There is a story in the Bible that comes from the same region and has many parallels with the story of Jeddah. It is a story about a tower that was meant to be the tallest ever built. Similarly, it is also a tower that was never finished, just like the Jeddah Tower. Biblical sources tie the building of the Tower of Babel to a powerful king named Nimrod. There are suggestions of this powerful king exploiting labour to build the project as well as using the project to turn humanity away from God.
“Then they said, ‘Come, let us build ourselves a city, with a tower that reaches to the heavens, so that we may make a name for ourselves; otherwise we will be scattered over the face of the whole earth’” (Genesis 11:4).
In the biblical account, God comes down to witness this great building project. With the possibility of the exploitation and evil expanding as humanity is working together, God confuses the workers’ languages and they all go their separate ways, fulfilling God’s commission of Genesis 1:28 to take care of the earth and multiply across it.
Thinkers and scholars have theorised over what the Tower of Babel represented for thousands of years. While theories range from practical to outlandish, there is a common theme—pride and exploitation. Some suggest that those with memory of the Flood (Genesis 7) were trying to build a structure that could withstand a future cataclysm.
Other commentators note that because trees and high mountains are symbolic in the Bible as a meeting point between heaven (divinity) and earth (humanity), the tower represented a symbol of a mountain, with humankind striving to reach an equal footing with God. Through this man-made tower, they were attempting to replace the divine with the human. As Judith Dupre, author of Skyscrapers: A History of the World’s Most Extraordinary Buildings, says: “Skyscrapers convey power, economic might, and technical prowess—attributes that are irresistible to nation builders.”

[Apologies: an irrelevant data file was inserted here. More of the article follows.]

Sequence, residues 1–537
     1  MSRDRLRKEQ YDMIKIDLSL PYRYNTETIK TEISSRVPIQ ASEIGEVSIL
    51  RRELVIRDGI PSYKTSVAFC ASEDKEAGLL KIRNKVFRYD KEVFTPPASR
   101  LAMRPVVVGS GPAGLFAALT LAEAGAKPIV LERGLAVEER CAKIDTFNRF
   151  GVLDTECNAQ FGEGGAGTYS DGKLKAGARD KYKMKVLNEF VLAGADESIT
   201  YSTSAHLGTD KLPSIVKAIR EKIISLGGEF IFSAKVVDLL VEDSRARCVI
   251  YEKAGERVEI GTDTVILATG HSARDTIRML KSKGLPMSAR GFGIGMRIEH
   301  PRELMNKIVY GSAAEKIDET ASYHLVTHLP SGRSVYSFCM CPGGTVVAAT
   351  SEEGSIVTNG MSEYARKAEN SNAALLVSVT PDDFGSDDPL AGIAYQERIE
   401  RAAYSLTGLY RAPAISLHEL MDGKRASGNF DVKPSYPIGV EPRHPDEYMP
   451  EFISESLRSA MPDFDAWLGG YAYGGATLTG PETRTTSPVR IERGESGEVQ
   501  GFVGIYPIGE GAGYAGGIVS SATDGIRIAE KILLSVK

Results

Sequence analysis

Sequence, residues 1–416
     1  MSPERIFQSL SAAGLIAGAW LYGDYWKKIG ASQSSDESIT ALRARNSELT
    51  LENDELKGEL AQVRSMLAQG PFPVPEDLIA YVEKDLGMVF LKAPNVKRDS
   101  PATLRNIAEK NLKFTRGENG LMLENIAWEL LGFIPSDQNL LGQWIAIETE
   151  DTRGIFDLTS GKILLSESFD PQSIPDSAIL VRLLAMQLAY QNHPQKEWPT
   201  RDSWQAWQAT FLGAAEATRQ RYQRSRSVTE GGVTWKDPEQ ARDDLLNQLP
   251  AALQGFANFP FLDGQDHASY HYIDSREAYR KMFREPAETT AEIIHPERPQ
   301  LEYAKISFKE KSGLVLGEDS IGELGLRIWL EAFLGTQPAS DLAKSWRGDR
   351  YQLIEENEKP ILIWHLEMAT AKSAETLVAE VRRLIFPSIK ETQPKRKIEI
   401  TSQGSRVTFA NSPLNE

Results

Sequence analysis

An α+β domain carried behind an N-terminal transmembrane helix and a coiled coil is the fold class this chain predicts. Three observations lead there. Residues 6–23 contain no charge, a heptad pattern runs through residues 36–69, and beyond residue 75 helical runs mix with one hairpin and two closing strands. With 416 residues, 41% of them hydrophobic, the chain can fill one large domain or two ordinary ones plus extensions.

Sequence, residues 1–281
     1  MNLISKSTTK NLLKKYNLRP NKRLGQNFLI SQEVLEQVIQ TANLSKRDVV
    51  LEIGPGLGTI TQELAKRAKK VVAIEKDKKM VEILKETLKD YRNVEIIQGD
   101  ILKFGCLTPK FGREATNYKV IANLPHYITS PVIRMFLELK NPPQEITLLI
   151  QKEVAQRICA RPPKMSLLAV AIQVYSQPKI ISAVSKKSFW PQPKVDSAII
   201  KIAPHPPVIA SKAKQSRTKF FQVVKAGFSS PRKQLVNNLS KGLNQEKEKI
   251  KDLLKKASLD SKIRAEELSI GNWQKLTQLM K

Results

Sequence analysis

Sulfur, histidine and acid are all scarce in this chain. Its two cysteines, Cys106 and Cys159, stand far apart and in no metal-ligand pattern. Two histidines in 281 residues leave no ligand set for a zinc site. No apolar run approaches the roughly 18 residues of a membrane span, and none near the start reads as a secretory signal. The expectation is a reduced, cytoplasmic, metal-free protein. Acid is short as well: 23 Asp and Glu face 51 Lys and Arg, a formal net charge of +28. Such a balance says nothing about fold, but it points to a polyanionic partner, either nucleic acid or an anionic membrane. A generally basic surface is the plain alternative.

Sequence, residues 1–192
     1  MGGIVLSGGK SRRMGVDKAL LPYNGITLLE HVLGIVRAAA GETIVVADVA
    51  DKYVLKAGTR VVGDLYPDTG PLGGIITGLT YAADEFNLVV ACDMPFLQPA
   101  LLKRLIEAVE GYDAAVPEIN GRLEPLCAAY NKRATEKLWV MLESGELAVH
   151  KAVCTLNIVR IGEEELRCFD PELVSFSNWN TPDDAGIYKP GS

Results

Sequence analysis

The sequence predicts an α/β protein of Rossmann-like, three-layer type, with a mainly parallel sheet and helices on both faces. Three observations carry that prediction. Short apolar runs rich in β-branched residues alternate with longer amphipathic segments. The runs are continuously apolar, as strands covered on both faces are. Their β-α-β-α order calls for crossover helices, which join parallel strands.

The Tower of Babel is an important story, as it sets up a theme that appears again and again throughout the rest of the Bible.
Both the ancient and modern stories remind us that while human beings are capable of incredible and unbelievable feats, it is always helpful to stay humble. Pride can often tempt us to replace the divine, God or even transcendent things with ourselves. The ancient Greeks are thought to have coined the phrase “hubris” to describe this exact concept. Excessive pride, especially in the face of the gods, always leads to divine retribution in the case of Greek tragedies. In the real world, disregard for the divine and elevation of self always leads us to hurt others, and ultimately ourselves.